“The matron has more right to herself than her Wali (i.e. male guardian).” (Collected in Sahih Muslim)
However it does not completely absolve her of the responsibility of having a Wali. The dilemma we are faced with today in our communities with many women who have either recently converted to Islam, or who have lost faith/ trust in the Islamic leadership, or whose fathers are not at all concerned with whom they select as a potential mate, is that they have had their own individual experiences with men and relationships.
Albeit some of the relationships have not been Islamically sound and in many instances completely haram, nonetheless it was a previous exposure that creates an attitude of callous disregard for the Islamic instructions that have been given to them in regards to the process of selecting a potential mate — namely that of the Wali.
The Sahabiyaat (i.e. female companions of the Prophet) who were converts to Islam and had no Wali from the male members of their families turned to the leadership of their community (e.g. the Prophet Sallallahu alaihi wa salam for advice and direction in these very delicate matters. One example of this is an incident with a woman by the name of Fatimah Bint Qays who came to the Prophet Sallallahu alaihi wa salam and informed him that Mu’awiyah Ibn Abu Sufyan and Abu Jahm both proposed to her. She trusted that the Prophet would guide her in the right direction with the impartiality and fairness that a leader should be characterized with. The Prophet instructed her with the following:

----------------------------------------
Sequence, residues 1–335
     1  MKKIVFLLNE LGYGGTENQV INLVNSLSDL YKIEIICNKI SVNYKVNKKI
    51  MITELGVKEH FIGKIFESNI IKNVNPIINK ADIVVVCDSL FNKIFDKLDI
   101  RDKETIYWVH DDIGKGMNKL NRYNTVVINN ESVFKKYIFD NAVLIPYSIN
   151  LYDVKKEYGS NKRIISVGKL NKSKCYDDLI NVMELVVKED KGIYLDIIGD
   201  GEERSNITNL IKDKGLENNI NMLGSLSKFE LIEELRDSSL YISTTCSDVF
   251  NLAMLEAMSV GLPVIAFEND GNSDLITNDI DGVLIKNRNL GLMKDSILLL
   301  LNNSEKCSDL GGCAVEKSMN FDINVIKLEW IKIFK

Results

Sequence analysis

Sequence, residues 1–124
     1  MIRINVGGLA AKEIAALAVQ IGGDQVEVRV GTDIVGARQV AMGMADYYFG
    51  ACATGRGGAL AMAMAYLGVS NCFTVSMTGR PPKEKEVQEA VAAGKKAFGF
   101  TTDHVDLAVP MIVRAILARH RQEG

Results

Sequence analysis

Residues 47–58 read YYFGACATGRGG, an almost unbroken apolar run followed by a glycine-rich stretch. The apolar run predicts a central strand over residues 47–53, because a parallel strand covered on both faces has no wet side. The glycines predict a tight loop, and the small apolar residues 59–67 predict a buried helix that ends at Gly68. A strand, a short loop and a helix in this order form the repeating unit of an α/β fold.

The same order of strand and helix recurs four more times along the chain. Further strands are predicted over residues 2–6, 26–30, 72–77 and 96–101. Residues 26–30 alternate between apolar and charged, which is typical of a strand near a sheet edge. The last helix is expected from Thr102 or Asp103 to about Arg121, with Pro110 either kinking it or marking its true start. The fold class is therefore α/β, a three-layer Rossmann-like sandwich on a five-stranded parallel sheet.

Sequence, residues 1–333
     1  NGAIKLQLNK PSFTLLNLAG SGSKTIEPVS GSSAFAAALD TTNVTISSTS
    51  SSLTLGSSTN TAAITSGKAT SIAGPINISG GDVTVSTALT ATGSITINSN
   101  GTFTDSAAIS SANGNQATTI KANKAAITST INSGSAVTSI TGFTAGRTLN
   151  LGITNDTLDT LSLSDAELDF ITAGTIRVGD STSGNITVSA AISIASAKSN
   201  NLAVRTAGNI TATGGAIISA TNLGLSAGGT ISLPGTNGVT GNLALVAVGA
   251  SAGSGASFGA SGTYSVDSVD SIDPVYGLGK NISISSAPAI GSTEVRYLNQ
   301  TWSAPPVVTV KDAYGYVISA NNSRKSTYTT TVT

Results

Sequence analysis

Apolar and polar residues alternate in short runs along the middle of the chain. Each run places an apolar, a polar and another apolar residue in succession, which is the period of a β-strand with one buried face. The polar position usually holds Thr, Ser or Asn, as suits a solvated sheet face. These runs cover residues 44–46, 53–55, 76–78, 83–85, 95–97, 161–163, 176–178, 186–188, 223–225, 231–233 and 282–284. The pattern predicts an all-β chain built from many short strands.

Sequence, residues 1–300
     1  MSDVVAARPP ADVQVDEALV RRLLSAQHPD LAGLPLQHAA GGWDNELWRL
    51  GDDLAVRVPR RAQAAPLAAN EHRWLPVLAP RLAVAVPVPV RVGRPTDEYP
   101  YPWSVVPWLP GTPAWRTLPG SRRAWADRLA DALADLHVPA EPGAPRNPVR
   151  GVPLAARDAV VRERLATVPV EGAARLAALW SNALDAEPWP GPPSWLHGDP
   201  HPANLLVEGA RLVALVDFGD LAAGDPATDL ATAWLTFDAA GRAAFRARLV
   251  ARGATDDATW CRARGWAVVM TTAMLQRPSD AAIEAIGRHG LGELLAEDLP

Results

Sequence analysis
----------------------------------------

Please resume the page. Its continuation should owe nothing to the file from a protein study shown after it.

“As for Mu’awiyah, he’s a poor man who has no money and as for Abu Jahm, he beats his wives, but marry Usamah Ibn Zayd!” (Collected in Sahih Al Bukhari)
Although the Prophet was no kin to Fatimah Bint Qays other than being her Wali — by default of being the leader of the community — he still instructed her with what he saw to be the best choice for her. The religion of Islam is one of sound and sincere advice: The Prophet Sallallahu alaihi wa salam said:
“The religion is sincere advice.” They asked him, “To whom O Messenger of Allah?” So he said: “To Allah, His Book, His Messenger, to the leaders of the believers and the general masses of the Muslims.” (Collected in Sahih Muslim)
The Prophet Sallallahu alaihi wa salam also said:
“The rights of a Muslim over another Muslim are six: … If he seeks your advice and counsel, then advise him …” (Collected in Sahih Muslim)
Guardianship (i.e. Wilayah) in Islam should be viewed as a responsibility just like any other religious obligation and not as an opportunity to exploit the vulnerability of someone who trusts that you have their best interest at heart. Every responsibility comes with accountability before Allah, therefore the men in our respective communities who take it upon themselves to shoulder this task should understand the magnitude of it. The ironic thing is that it is intrinsically characteristic of us as human beings to take on responsibilities that are above our moral capacity. Allah mentions in the Qur’an:
“Indeed We offered the Ammanah [e.g. trust of free will] to the heavens and the earth and the mountains but they all declined to bear it and were afraid of it, but man bore it, verily he was unjust [to himself] and ignorant [of the accountability].” (33:72)
And we hope that the concept of the Wali will be taken more seriously in our communities as a protection for the women who embraced the Religion of Islam — or raised in it — and preservation of their honor and integrity as the backbone of our communities.